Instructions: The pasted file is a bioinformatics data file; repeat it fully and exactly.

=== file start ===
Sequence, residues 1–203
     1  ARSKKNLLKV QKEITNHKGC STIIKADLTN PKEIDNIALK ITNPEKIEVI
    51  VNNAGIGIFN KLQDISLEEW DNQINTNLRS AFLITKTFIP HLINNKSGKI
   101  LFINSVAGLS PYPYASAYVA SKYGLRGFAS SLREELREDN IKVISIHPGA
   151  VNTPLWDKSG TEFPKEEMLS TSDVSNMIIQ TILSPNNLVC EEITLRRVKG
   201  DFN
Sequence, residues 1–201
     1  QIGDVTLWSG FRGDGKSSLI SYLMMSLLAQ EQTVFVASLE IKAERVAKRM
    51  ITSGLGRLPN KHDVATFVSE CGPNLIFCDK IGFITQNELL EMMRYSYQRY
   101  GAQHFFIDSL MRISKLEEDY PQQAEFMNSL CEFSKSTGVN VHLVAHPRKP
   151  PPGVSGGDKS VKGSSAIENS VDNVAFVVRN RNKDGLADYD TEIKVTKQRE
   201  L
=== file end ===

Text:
Sequence, residues 1–203
     1  ARSKKNLLKV QKEITNHKGC STIIKADLTN PKEIDNIALK ITNPEKIEVI
    51  VNNAGIGIFN KLQDISLEEW DNQINTNLRS AFLITKTFIP HLINNKSGKI
   101  LFINSVAGLS PYPYASAYVA SKYGLRGFAS SLREELREDN IKVISIHPGA
   151  VNTPLWDKSG TEFPKEEMLS TSDVSNMIIQ TILSPNNLVC EEITLRRVKG
   201  DFN
Sequence, residues 1–201
     1  QIGDVTLWSG FRGDGKSSLI SYLMMSLLAQ EQTVFVASLE IKAERVAKRM
    51  ITSGLGRLPN KHDVATFVSE CGPNLIFCDK IGFITQNELL EMMRYSYQRY
   101  GAQHFFIDSL MRISKLEEDY PQQAEFMNSL CEFSKSTGVN VHLVAHPRKP
   151  PPGVSGGDKS VKGSSAIENS VDNVAFVVRN RNKDGLADYD TEIKVTKQRE
   201  L